Africa’s innovators are open for business
By Catherine Jewell, Communications Division, WIPO
“Africa is on the move,” US President Barack Obama told the Global Entrepreneurship Summit in Kenya this summer. A new generation of tech-savvy entrepreneurs with a “can do” attitude is injecting dynamism into Africa’s start-up scene, which is skyrocketing. The continent is abuzz with innovation and entrepreneurial activity. Tech hubs, incubators and other initiatives are popping up across the continent, fueling a spirit of optimism and unprecedented opportunities for growth. One such initiative is the public-private partnership, DEMO Africa. Harry Hare, Executive Producer of DEMO Africa, shares his views about Africa’s gathering technological revolution.
What is DEMO Africa?
DEMO Africa is a launchpad for new technology start-ups. It is a place where Africa’s most innovative companies can launch their products and tell Africa and the world what they have developed. Each year, technology start-ups from across Africa apply for a chance to promote their innovations at the annual DEMO Africa conference. We identify 40 of the most innovative start-ups to participate in that event. These are businesses that are solving real-world problems with high potential to succeed.
The DEMO Africa conference brings Africa’s tech ecosystem together in one place. It’s an opportunity for Africa’s top start-ups to pitch their innovations to venture capitalists, investors, technology buyers and the media from across the region and beyond, and to secure investment and attract publicity for their inventions.
What makes the African technology sector so interesting?
Africa’s tech space is fresh. Africa’s new entrepreneurs are passionate about what they do. They are skilled and ambitious and have a lot of energy. This is a potent mix which is generating a great deal of enthusiasm and belief in Africa’s potential to join the global stage.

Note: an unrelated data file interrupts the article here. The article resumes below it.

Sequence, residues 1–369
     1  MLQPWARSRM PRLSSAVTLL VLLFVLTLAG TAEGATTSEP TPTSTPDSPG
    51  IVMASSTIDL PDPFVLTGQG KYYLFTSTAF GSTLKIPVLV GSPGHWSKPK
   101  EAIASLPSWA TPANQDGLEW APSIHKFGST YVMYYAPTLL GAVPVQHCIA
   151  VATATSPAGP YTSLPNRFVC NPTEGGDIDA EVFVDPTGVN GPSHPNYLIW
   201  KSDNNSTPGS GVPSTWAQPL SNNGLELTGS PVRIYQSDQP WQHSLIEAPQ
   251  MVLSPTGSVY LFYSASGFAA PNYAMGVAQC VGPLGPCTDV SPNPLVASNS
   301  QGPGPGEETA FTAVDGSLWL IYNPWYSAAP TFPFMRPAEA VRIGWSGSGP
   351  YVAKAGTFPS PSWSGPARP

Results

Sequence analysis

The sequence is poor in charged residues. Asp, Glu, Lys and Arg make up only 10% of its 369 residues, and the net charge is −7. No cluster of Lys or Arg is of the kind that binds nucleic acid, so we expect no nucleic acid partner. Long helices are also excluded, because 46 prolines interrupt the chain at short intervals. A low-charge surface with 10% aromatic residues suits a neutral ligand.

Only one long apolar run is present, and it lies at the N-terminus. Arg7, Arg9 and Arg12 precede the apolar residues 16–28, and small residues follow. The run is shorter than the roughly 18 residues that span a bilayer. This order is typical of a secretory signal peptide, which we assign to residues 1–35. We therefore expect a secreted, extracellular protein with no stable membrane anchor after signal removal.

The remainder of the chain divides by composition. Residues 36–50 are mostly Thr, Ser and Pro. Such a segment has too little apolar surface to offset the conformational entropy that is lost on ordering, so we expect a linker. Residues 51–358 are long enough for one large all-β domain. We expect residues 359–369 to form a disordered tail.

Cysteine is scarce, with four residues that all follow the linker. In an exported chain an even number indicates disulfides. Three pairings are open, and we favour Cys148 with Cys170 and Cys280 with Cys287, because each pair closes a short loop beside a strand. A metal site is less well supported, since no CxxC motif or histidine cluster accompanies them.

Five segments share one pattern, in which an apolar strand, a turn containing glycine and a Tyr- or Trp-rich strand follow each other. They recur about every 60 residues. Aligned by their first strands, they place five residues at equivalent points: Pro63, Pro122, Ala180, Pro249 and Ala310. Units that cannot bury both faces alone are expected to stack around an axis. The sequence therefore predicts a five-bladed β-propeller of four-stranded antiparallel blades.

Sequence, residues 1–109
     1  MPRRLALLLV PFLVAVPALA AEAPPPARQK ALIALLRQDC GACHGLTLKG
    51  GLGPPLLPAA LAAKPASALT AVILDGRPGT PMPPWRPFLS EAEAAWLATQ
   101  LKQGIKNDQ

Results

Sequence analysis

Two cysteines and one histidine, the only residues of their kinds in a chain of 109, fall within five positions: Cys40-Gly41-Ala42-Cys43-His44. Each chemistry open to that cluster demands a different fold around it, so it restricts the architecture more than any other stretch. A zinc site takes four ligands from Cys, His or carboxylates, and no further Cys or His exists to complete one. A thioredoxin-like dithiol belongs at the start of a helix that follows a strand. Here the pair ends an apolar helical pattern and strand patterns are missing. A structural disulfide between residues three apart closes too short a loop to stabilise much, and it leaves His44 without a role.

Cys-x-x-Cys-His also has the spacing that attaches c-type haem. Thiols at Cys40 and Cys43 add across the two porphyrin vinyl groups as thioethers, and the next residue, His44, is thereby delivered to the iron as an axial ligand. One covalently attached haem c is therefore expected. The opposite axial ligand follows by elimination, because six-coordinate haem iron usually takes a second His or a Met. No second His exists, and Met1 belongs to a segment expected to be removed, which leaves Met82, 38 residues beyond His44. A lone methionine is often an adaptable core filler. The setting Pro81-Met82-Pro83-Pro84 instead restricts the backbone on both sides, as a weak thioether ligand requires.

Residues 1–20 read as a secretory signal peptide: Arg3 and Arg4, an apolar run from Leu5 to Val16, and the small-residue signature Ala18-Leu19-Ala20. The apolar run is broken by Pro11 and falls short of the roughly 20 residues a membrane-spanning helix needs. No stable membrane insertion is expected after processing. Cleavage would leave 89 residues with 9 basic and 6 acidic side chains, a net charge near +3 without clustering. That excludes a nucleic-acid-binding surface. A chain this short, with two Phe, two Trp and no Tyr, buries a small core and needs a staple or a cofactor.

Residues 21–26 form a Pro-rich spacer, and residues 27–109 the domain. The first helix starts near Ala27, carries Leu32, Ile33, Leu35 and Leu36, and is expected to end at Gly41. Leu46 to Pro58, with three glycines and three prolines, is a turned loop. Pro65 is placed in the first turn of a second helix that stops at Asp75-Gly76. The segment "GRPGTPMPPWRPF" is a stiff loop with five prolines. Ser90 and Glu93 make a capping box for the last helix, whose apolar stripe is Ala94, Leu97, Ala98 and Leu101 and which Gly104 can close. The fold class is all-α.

The continent has a diverse and talented pool of young people and now we are beginning to see a commitment on the part of governments to utilize this massive source of brainpower to bring about positive change, especially through technology. Africa has many problems, from education to health and infrastructure, and the technologies that are coming out of Africa are solving real problems – this is what people are seeing and what they are interested in.
How is the technology landscape in Africa changing?
Since 2012, when DEMO Africa launched, the start-up scene has really taken off. The quantity of these businesses is quite remarkable, as is their quality.
One thing that really excites me about Africa’s technology landscape today is that for the first time in a long time, we are seeing technologies being built in Africa, by Africans, for Africans, but also usable anywhere in the world, and especially in other developing countries. Until now, Africa has been a net consumer of technology, but now we are seeing people developing and using home-grown technologies. We are also seeing African-built technologies being exported around the world. It is a very exciting time to be in Africa and to be working in the field of technology.
Africa faces two challenges which have become opportunities. The first is that we have a lot of problems. The second is that we are “under-wired.” This has fueled the massive uptake of mobile phones across the continent which is creating huge opportunities for mobile-based solutions. Start-ups have recognized that the widespread uptake of mobile technology in Africa means there is a huge and expanding market for their products. That explains why well over 50 percent of the applications launched through DEMO Africa are mobile based.
What are the main challenges for African start-ups?
The first is access to capital. Many find it difficult to attract the seed capital they need to establish proof of concept. Then, if they overcome that hurdle, they need capital to scale up their business.
A second challenge is capacity. Not technical capacity to develop the solutions, but the soft skills needed to get a product to market, to handle sales, marketing, human resources and so on. These skills are critical for building up and sustaining a business. Many of these start-ups were established by technical specialists who simply have never had an opportunity to learn the skills needed to run a business successfully.
A third challenge is credibility. Investors need to feel that start-ups are credible partners with solid technologies that offer viable business solutions. Creating that kind of credibility in the market is a big challenge. We are beginning to see changes in this, but it is happening very slowly.
The fourth challenge is connectivity. Today, business survival can hinge on having access to business or client networks, but many start-ups struggle because they do not have access to them. Most people still have a phobia of technology solutions coming from start-ups because they associate start-ups with uncertainty. But as big corporates start adopting technology solutions from start-ups and are increasingly willing to partner with them on their go-to-market strategies, there is some movement in this area also.